However, in my view there should be an absolute minimum of two New Zealanders at every meeting, fully funded. If at all possible, representation of four would be highly desirable, either fully funded or substantially subsidised. I have suggested more than once in the past that Council should have a core pool of four people (Councillors) from which at least two are selected to attend every meeting. Additional New Zealanders may or may not come from this pool. I believe Council should evaluate this and prepare a policy on international representation that considers needs, benefits and economic factors.

My over-riding impression is that the whole entity and business of ICANN is

  • Becoming much more complex as the internet grows in size and uptake;
  • Slowing down in its ability to make decisions and progress;
  • Now subject to more demands such as multi-lingual that can only, and will inevitably, increase the complexity many times over, which will slow it down even further;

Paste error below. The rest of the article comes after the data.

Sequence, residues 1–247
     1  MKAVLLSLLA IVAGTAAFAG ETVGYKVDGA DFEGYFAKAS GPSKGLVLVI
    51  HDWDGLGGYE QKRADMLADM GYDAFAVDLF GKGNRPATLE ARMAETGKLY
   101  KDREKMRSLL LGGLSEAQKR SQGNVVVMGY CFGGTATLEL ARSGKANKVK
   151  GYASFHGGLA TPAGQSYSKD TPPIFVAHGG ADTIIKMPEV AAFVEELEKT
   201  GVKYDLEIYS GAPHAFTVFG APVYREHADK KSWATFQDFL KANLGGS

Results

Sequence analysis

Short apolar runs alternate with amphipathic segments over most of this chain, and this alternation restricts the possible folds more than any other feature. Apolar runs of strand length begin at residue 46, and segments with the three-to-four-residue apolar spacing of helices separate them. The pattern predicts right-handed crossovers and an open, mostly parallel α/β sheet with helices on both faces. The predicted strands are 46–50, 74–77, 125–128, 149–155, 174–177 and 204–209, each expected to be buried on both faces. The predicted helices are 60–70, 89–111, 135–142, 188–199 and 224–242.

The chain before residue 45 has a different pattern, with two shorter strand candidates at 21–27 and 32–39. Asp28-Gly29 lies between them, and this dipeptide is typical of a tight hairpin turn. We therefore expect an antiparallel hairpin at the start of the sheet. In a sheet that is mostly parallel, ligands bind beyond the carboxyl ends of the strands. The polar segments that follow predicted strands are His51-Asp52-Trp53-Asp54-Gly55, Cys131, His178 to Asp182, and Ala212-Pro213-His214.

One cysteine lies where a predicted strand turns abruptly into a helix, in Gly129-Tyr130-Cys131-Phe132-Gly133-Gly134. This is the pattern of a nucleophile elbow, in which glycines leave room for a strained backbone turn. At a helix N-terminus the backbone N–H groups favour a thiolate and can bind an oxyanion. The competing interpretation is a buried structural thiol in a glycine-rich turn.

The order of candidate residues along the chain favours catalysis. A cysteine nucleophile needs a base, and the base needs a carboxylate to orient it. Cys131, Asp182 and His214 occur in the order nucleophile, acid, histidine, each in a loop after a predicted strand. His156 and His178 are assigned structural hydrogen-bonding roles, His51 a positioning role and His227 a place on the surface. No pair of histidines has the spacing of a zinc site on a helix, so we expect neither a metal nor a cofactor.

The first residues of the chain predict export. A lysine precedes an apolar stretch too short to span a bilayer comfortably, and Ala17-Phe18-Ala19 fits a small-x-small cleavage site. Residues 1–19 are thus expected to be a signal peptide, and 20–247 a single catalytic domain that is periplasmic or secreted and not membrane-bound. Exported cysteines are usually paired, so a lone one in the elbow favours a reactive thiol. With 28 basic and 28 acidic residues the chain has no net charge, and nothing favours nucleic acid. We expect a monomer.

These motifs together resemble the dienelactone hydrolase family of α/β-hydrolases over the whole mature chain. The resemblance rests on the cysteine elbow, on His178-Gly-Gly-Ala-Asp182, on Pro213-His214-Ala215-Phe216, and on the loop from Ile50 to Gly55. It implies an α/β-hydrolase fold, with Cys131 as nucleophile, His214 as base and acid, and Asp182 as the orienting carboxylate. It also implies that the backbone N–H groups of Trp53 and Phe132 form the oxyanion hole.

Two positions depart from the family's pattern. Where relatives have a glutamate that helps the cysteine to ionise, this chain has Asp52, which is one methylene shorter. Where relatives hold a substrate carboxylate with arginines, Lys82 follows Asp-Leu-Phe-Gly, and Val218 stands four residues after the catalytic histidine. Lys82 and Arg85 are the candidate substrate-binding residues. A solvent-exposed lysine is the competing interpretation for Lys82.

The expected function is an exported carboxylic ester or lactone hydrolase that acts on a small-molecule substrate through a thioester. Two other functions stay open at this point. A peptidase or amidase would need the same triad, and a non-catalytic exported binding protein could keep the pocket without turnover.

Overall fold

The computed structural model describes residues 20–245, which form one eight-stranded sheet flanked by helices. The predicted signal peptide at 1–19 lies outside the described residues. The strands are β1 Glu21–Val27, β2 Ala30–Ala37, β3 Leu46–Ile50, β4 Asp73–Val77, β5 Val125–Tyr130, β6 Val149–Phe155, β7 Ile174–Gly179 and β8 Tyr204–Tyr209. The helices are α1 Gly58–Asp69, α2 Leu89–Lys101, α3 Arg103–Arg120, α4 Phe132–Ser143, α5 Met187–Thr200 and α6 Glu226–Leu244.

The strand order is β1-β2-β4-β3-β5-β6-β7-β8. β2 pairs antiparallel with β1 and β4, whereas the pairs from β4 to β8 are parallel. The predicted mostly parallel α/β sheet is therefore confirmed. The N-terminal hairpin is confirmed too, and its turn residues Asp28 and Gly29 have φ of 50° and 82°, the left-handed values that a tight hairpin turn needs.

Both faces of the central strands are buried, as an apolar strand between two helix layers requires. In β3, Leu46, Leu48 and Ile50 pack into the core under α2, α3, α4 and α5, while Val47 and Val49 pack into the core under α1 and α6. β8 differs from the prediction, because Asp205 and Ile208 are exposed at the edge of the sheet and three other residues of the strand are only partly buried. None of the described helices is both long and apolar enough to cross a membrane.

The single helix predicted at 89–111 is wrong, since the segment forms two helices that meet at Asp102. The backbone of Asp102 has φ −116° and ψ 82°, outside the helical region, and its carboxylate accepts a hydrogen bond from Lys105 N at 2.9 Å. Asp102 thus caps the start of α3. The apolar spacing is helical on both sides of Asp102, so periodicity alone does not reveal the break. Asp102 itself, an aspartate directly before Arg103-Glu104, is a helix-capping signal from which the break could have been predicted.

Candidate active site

• Struggling to deal with major economic and commercially-driven business imperatives (Verisign) that hold a gun to ICANNs head.

The set up of ICANN is characterised by representation from participating constituencies a structure which is difficult to refute since the whole " internet" is not held in trust by ICANN. This contrasts with country codes which are entrusted to organisations which are thereby responsible for effective policy and operations but subject to redelegation disciplines if needed.

The ICANN arrangement on the other hand is challenged with accommodating a whole raft of competing and conflicting groups of users, ethnic and cultural groups, political and economic tensions, Registry/GAC regional differences, to mention a few. This inevitably has led to a structure that must exhibit democracy at every level, and thus to exponentially compounding mass. The ISOCNZ and Domainz structure is vastly simpler as we do not have most of these issues that would grind us to a slower pace. If theres a lesson we (ISOCNZ) can learn from this, its to ensure that we identify and minimise potential traffic blocks in how we operate, to adhere to governance prinicples, and to manage the risk created by some of the things that ICANN is likely to spring on us.